What to practice as an orchestral musician
I was just thinking about what happens once you achieve the (very difficult) goal of getting a job in a pro orchestra. It's a demanding schedule so what do you play aside from ripping through repertoire? Do you practice Paganini and etudes to keep your technique up or maybe focus on chamber music...? Just curious!
There are numerous volumes of tricky extracts from symphonic works, sometimes more difficult than much solo repertoire.
Supposedly, Mischakoff went home to practice scales and arpeggios AFTER his rehearsals and concerts with the NBC Symphony-- to try to recover what he felt he had lost.
Paganini's not the way to keep up your fundamental technique.
The ideal schedule would be one hour of fundamentals, technical work; scales, exercises, etudes, then orchestra excerpts from whatever is coming up next. Adding solo pieces or concertos to a full-time orchestra schedule is really tough. Over the years I have purchased a lot of 1st violin orchestra parts; If I am the concertmaster they come in very handy, I don't have to wait for the librarian to send them to me.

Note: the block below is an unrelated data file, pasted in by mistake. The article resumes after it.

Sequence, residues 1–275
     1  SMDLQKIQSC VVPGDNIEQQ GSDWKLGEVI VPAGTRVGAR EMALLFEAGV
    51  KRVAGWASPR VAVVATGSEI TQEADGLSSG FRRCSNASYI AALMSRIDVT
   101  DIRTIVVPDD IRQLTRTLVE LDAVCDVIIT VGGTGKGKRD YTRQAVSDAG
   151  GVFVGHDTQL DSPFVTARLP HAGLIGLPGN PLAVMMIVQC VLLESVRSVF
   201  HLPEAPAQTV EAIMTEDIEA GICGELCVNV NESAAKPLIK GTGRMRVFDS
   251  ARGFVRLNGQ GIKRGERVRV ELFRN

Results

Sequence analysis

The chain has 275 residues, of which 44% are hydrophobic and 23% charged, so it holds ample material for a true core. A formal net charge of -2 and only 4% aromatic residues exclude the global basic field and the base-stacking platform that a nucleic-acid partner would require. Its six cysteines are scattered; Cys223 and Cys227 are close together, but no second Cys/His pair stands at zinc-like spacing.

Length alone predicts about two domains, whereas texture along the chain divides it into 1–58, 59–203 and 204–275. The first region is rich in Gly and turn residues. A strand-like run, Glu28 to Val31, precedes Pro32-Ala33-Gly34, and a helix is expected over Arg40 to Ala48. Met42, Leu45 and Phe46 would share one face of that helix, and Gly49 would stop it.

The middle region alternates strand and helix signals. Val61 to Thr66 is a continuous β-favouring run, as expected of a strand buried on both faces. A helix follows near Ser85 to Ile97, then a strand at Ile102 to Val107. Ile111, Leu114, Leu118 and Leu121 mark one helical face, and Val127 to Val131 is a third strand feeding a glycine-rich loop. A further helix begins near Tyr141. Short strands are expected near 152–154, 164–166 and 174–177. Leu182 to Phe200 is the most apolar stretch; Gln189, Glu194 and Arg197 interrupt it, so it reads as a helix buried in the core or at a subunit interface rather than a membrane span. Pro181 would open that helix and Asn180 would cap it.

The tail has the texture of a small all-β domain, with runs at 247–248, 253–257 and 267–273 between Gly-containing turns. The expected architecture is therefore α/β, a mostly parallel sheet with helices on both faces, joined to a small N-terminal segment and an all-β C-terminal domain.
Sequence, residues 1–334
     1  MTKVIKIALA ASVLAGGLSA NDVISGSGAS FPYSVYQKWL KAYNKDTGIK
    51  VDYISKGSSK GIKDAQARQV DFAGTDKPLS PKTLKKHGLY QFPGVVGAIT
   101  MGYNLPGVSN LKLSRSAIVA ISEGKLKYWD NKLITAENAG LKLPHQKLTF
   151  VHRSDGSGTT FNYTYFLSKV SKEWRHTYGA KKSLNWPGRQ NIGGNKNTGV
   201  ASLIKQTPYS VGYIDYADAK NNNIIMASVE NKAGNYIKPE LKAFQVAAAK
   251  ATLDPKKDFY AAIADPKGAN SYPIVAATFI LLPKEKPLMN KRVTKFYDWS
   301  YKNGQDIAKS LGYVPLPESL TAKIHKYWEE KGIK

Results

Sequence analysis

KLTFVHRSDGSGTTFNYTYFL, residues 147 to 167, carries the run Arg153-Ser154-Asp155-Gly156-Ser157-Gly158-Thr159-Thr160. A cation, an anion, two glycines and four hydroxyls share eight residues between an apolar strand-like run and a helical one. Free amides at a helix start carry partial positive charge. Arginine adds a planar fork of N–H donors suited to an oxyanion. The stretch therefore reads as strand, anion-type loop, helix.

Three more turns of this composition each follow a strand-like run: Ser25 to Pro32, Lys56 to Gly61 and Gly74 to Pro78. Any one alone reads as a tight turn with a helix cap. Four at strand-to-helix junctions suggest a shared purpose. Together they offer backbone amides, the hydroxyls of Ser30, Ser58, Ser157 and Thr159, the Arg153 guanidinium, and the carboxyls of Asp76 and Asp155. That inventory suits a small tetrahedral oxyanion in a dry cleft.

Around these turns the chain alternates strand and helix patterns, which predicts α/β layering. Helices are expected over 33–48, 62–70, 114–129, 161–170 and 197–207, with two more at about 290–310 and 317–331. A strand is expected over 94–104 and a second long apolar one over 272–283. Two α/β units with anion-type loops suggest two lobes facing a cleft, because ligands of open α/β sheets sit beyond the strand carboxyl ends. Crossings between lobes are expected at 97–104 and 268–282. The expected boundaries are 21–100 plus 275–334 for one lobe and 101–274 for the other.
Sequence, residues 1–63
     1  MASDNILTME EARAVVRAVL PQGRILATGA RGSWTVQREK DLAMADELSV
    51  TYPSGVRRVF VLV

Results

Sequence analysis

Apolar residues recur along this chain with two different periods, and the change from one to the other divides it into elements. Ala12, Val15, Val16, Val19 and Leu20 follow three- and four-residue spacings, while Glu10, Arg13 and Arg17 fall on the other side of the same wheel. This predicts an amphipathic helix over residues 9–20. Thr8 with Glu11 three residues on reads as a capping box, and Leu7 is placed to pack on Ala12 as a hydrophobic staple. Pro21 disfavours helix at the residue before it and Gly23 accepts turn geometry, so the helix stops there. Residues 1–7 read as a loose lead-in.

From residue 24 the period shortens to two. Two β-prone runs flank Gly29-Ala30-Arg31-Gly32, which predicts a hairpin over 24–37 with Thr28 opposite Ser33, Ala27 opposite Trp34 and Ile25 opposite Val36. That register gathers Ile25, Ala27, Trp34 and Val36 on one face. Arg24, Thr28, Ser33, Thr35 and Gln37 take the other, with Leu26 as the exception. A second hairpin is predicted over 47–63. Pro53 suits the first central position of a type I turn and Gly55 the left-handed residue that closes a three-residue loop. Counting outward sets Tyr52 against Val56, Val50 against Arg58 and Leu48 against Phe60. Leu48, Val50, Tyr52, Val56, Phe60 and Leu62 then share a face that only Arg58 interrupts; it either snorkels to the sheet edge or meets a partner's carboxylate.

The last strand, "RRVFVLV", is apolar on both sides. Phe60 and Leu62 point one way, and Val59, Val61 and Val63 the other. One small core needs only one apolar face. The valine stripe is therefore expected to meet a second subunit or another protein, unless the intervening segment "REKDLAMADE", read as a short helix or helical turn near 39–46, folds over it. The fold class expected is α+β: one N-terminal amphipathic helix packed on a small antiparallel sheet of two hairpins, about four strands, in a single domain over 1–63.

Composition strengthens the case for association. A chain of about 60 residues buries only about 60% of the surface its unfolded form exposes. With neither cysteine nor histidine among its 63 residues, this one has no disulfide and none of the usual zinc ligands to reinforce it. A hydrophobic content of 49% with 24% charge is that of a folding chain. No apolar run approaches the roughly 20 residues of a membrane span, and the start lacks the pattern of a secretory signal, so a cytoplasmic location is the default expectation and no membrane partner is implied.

I think anyone who plays in an orchestra, whether pro or amateur, finds that rehearsals and preparing parts takes a serious bite out of individual technique maintenance, not to mention those of us still trying (read: needing) to improve.
Scales and Kreutzer.
Before getting tenure:
You get into stereo equipment and collect vinyl.You take TaeKwonDo or anything else to make your life well rounded.
"Another angle is what do you do with yourself as you are nearing retirement from professional orchestral playing?"
Thanks for the replies - both informative and highly amusing. I take it the most important things are 1) Kreutzer and 2) collecting an obscure item of your choice. Or have I got that in the wrong order...?
Well written Mary Ellen.The AFof M worries me too.
Not only know your own part but be extremely aware of everyone elses through listening to recordings and score study.Dont be the dufus who comes in a beat too early.You'll be spotted quickly...
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